The plaintiff seeks to prevent the defendant from using that part of Eaton Street in Lowell which runs south from Montreal Street to Plain Street. The plaintiff asserts ownership and the defendant counterattacks by urging a right of way over Eaton Street from his property, which is north of Montreal Street, to Plain Street. The judgment ordered the plaintiff to cease and desist from interfering with the defendant's use of Eaton Street between Montreal and Plain Streets. There was no error.
1. The plaintiff purchased a parcel of real estate on the easterly side of Eaton Street in 1957 and a second parcel on the opposite side of Eaton Street in 1958. Eaton Street is not a public way. In 1977, the defendant acquired title to certain real estate on Eaton Street, north of the plaintiff's parcels and beyond the intersection of Eaton and Montreal streets. All three parcels were formerly owned by a Daniel Ayer. In 1851, Ayer conveyed the property which is now the defendant's parcel to one Asa W. Farr. In describing the defendant's locus, Ayer referred to it, in part, as being "on the northerly side of said Montreal Street and on the easterly side of said Eaton Street." In the same deed, Ayer refers to both streets as "new." The plaintiff traces its title to both parcels to Ayer, who conveyed one such parcel in 1851 and the other in 1852 to the plaintiff's predecessors in title.
A rule of construction which is honored by its antiquity as well as its practicability is that when a piece of land is described in a deed as on a way or street, "the grantor and his heirs are estopped from denying that there is a street or way . . . ." Parker v. Smith, 17 Mass. 413 , 415 (1821). Thomas v. Poole, 7 Gray 83 , 84 (1856). The plaintiff concedes this principle but argues that the defendant's rights in Eaton Street are only in that part of Eaton Street which his property abuts. To determine the extent of the defendant's right beyond that portion of Eaton Street which abuts the defendant's property the judge was required to examine "extrinsic facts, as they existed at the time of the conveyance." Frawley v. Forrest, 310 Mass. 446 , 451 (1941), quoted with approval in Casella v. Sneierson, 325 Mass. 85 , 91 (1949). This examination led to his conclusion that the defendant has a right of way in Eaton Street between Plain and Montreal Streets. The plaintiff has not demonstrated that such conclusion was clearly erroneous. Mass.R.Civ.P. 52(a), 365 Mass. 816 (1974).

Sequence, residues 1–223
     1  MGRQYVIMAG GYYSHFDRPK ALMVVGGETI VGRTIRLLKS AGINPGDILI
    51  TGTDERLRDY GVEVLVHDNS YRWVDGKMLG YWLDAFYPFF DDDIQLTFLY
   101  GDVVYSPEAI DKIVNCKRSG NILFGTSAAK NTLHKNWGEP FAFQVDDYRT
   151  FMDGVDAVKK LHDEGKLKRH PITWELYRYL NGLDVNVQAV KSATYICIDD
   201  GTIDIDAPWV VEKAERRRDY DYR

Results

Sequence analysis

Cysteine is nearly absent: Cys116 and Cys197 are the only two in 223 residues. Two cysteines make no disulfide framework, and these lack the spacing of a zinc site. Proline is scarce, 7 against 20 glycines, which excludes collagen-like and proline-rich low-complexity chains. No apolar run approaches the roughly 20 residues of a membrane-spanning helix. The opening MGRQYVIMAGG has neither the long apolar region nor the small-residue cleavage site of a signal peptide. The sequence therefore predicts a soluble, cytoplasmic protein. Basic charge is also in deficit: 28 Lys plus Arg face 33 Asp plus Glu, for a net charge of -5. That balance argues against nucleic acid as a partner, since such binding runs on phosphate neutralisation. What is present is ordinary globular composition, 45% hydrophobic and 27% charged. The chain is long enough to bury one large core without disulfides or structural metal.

2. There is no merit to the plaintiff's alternative argument that the defendant, if he ever acquired a right of way, has abandoned it. An abandonment requires proof of intent to abandon and actual abandonment or nonuse. Lemieux v. Rex Leather Finishing Corp., 7 Mass. App. Ct. 417 , 421-422 (1979). The judge found neither element.